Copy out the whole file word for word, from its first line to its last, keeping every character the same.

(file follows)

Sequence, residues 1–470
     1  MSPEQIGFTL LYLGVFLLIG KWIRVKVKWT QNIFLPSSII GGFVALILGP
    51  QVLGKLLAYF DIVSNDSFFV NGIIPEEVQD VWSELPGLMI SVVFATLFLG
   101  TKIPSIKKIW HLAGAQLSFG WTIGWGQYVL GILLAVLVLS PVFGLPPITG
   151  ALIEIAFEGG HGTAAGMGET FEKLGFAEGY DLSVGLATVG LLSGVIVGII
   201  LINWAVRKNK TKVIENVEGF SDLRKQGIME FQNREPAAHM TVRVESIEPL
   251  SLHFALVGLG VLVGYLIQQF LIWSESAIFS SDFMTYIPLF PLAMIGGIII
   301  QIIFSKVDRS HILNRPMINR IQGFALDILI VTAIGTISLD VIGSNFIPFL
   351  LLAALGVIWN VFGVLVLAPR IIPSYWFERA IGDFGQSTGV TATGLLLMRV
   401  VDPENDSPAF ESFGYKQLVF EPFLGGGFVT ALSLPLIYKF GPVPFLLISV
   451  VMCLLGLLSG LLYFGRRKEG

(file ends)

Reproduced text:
Sequence, residues 1–470
     1  MSPEQIGFTL LYLGVFLLIG KWIRVKVKWT QNIFLPSSII GGFVALILGP
    51  QVLGKLLAYF DIVSNDSFFV NGIIPEEVQD VWSELPGLMI SVVFATLFLG
   101  TKIPSIKKIW HLAGAQLSFG WTIGWGQYVL GILLAVLVLS PVFGLPPITG
   151  ALIEIAFEGG HGTAAGMGET FEKLGFAEGY DLSVGLATVG LLSGVIVGII
   201  LINWAVRKNK TKVIENVEGF SDLRKQGIME FQNREPAAHM TVRVESIEPL
   251  SLHFALVGLG VLVGYLIQQF LIWSESAIFS SDFMTYIPLF PLAMIGGIII
   301  QIIFSKVDRS HILNRPMINR IQGFALDILI VTAIGTISLD VIGSNFIPFL
   351  LLAALGVIWN VFGVLVLAPR IIPSYWFERA IGDFGQSTGV TATGLLLMRV
   401  VDPENDSPAF ESFGYKQLVF EPFLGGGFVT ALSLPLIYKF GPVPFLLISV
   451  VMCLLGLLSG LLYFGRRKEG